We all know that Atlanta is home to some breathtaking structures and landmarks like the Centennial Olympic Park and the SkyView Ferris Wheel. Not to mention, Nassau Street holds a humble structure that houses a very favorable link to Atlanta’s history.
As it turns out, the two-story building, though commonplace and less likely to turn heads with its old brick construction, used to be a recording laboratory back in the 1920’s. It was discovered by a local architect, Kyle Kessler. The architect was able to acquire an article from the said year courtesy of the Atlanta Independent. According to Kessler, the paper had a “front-page article” depicting “Okeh Records was coming to town and going to set-up a recording company” in the exact address where the old, run-down building is currently erected.
As he dug for more information about the old laboratory, he learned that the pop-up studio was built as a sign of the early attempts to give musicians from the South to record their music and be heard. Among the pioneer artists who were able to record their beautiful musical gifts were black blues singers such as Lucille Bogan and Fannie May Goosby. ‘Fiddlin’ John Carson, a white fiddler, imparted his unique musicality in the form of “Little Old Cabin in the Lane”.
Little Old Cabin in the Lane made waves in the national music scene and made history. Previously, the artist, Carson, had a tainted reputation for his earlier work, “The Ballad of Little Mary Phagan” which was linked to the anti-Semitism that brought Leo Frank to be convicted and lynched in 1913. But co-director and founder of record label Dust to Digital Lance Ledbetter counters that Carson’s recording in 1923 “became this thing that put Atlanta on the map.” When Carson brought life to Little Old Cabin in the Lane in the shabby little brick building in Nassau Street, it kick-started the birth of country as a sensational genre in the U.S. It made Atlanta the centerpiece of country music’s development.” It’s not very well-known, but at one point, Atlanta was the country music capital of the world.” Ledbetter adds.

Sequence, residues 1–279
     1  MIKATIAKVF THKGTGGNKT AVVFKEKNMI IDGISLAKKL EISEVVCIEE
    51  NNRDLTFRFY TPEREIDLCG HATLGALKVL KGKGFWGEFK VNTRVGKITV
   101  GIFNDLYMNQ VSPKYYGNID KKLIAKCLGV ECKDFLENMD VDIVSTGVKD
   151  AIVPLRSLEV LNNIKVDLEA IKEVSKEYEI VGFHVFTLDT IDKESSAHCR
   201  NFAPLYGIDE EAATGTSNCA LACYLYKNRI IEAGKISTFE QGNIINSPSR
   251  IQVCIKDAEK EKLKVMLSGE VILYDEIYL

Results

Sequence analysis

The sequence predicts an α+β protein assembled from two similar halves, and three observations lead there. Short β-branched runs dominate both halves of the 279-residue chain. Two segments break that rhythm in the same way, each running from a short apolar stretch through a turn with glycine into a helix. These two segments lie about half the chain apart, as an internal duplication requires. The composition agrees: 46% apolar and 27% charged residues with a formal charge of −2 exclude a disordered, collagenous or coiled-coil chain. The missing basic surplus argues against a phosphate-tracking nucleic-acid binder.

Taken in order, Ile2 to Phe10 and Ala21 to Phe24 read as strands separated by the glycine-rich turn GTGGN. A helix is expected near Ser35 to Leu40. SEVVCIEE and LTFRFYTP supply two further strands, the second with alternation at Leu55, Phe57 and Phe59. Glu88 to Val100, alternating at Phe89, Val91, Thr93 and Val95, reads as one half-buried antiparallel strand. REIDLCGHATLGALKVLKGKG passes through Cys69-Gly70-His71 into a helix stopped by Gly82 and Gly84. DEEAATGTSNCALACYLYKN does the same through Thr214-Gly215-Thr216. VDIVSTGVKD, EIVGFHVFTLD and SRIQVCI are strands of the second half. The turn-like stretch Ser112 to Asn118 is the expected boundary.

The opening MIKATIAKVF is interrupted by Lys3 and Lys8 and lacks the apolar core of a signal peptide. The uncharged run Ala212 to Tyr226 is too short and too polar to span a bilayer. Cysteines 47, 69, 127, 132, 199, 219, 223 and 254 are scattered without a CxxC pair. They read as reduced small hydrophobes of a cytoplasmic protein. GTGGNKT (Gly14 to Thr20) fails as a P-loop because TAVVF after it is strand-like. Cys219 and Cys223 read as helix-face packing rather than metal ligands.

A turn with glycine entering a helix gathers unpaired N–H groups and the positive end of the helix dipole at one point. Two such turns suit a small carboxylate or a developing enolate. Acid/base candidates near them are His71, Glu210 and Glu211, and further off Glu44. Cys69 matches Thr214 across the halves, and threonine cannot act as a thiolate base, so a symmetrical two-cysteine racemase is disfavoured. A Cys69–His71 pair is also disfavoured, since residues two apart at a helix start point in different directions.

After the 20’s had gone past calendars and clocks, Atlanta’s historical contribution to country music was immediately forgotten, along with the locations where some of the country’s classical hits were recorded. Thankfully, Kessler is determined to preserve the said building. It will be an uphill battle though—since the company purchasing the structure declared they had different plans for the property, and the Atlanta City Council is yet to approve a final designation for the building.
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